Will Universal Background Checks Solve The Problem Of Gun Violence? It’s A Start.

According to rumor, the White House will shortly close a legal loophole that currently lets a large number of guns move from one set of hands to another without a background check.  Evidently Obama will issue an EO that redefines what it means to be a gun dealer by substantially reducing the number of private transfers that can be made, thereby forcing gun owners to acquire a federal license which will effectively require that every gun transfer beyond a minimum number go through a NICS-background check.

Which brings up the ultimate question, namely, if we had universal background checks, what would this mean in terms of reducing gun violence overall?  Right now the CDC tells us there are 30,000+ intentional gun deaths and 65,000 intentional gun injuries every year.  There are also 17,000+ unintentional gun injuries, fatal and non-fatal, each year.  We can probably discount most, if not nearly all unintentional injuries because they usually involve the legal owner of a gun and/or his/her children or friends.  We can also discount the 20,000+ suicides, which leaves somewhere around 75,000 acts of gun violence each year for which, in theory, universal background checks should help reduce the toll.  But by how much?

In fairness to the researchers who are concerned with this problem, they were not trying to figure out the impact of universal background checks per se.  Webster and Wintemute have come up with a very comprehensive summary of research on the effects of policies designed to “keep firearms from high-risk individuals” published between 1999 and 2014. This article covers more than 60 peer-reviewed works and looks both at policies designed to regulate the supply of guns to high-risk individuals (i.e., dealer practices) and policies designed to make it more difficult for high-risk individuals to get their hands on guns (i.e., background checks and other licensing practices.)

I’ll leave a discussion about dealer practices for another time, insofar as our concern here is the issue of universal background checks. As for that question, W&W argue that the prohibited persons categories defined by GCA68 and used as the basis for disqualifying transactions through NICS “would not disqualify the majority of individuals who commit gun violence.”  What does seem to have a significant impact on gun violence is where states have gone beyond the federal definitions of prohibited persons and passed laws that make it easier to keep guns out of the wrong hands.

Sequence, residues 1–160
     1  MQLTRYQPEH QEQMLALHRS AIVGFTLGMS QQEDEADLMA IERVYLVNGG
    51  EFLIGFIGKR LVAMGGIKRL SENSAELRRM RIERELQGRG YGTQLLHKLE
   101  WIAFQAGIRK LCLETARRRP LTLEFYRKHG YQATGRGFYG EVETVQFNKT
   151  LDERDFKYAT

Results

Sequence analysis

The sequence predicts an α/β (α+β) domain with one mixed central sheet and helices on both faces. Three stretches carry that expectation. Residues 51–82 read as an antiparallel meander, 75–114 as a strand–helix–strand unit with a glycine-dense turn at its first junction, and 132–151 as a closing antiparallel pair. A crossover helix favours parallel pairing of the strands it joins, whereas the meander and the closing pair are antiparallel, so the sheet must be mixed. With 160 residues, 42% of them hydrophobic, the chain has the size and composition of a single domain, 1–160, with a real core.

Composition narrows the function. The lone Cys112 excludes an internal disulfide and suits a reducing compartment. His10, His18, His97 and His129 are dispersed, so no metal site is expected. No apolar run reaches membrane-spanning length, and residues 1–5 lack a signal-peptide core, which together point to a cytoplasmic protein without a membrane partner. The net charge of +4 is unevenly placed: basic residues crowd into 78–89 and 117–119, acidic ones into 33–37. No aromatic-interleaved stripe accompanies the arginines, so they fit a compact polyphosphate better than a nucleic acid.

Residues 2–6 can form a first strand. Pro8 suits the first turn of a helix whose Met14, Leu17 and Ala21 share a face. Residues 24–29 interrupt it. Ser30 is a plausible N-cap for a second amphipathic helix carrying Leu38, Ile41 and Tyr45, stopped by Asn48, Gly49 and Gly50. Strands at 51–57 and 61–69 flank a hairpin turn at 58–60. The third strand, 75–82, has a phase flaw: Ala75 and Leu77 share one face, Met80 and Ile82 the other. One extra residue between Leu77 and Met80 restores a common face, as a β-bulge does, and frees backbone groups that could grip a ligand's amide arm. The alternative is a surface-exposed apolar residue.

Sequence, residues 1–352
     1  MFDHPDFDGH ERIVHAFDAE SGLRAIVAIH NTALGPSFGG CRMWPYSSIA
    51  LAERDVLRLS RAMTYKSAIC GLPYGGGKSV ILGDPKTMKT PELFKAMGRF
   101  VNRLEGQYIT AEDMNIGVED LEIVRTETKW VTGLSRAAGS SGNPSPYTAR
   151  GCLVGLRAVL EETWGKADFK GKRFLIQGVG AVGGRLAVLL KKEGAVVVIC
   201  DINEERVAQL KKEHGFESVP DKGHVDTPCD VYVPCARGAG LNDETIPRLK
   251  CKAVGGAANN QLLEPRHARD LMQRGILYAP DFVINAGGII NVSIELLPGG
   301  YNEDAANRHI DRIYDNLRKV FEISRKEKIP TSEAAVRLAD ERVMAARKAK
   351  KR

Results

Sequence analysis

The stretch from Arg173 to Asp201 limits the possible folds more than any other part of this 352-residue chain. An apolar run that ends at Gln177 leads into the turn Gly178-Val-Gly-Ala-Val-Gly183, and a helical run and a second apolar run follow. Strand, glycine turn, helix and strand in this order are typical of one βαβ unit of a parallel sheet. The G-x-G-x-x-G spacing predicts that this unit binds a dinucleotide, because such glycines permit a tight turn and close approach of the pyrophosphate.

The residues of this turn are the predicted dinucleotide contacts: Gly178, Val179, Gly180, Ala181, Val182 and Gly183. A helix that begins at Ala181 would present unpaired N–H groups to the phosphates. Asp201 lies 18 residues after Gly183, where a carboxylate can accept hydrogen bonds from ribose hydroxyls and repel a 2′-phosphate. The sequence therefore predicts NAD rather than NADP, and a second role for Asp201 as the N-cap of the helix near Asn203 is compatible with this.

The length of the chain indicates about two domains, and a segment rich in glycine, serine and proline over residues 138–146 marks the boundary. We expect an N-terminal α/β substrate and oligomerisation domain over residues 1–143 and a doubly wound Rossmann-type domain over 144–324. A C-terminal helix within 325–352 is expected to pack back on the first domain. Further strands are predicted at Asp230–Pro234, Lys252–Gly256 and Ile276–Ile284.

conference program pic              The most rigorous licensing in this regard is known as Permit to Purchase (PTP), which requires that the purchase of every gun, in particular handguns, be approved following an application to acquire the specific gun.  This is, in fact, the procedure in New York City since the 1911 implementation of the Sullivan Law, but there is virtually no connection between how this law has been administered over the past century and changes in the rates of violent crime.  On the other hand, W&W cite numerous studies, including Webster’s study of the effect of abolishing PTP in Missouri, which indicate that when states strengthen the licensing process beyond NICS-background checks, gun-violence rates tend to go down.

The evidence to date does not appear to support the notion that universal background checks will have a substantial impact on gun-violence rates unless it is accompanied by more rigorous gun-control policies at the state level.  Which is not an argument against universal checks, just a warning about setting expectations too high. What I find frustrating in the whole ‘guns in the wrong hands’ discussion, however, is the continued lack of interest or concern about stolen guns.  Webster and colleagues studied the source of 250+ crime guns used by prison inmates in 13 states and as many as 85% of those guns could have entered the illegal market through theft.  This situation won’t change because we strengthen the licensing process for acquisition of new guns; it just requires diligence for the guns we already own.

8 thoughts on “Will Universal Background Checks Solve The Problem Of Gun Violence? It’s A Start.

  1. “The evidence to date does not appear to support the notion that universal background checks will have a substantial impact on gun-violence rates unless it is accompanied by more rigorous gun-control policies at the state level.”

    Would you care to define ‘more rigorous gun-control policies’ so we can better know what you are saying?

  2. Pingback: Will Universal Background Checks Solve The Problem Of Gun Violence? It’s A Start. | Mister Journalism: "Read, Share, Discuss, Learn"

  3. Mike, I agree with pankr003. On one occasion you’ve mentioned to me your approach to reduce gun violence, but perhaps you can lay it out, in total here, for all of your readers.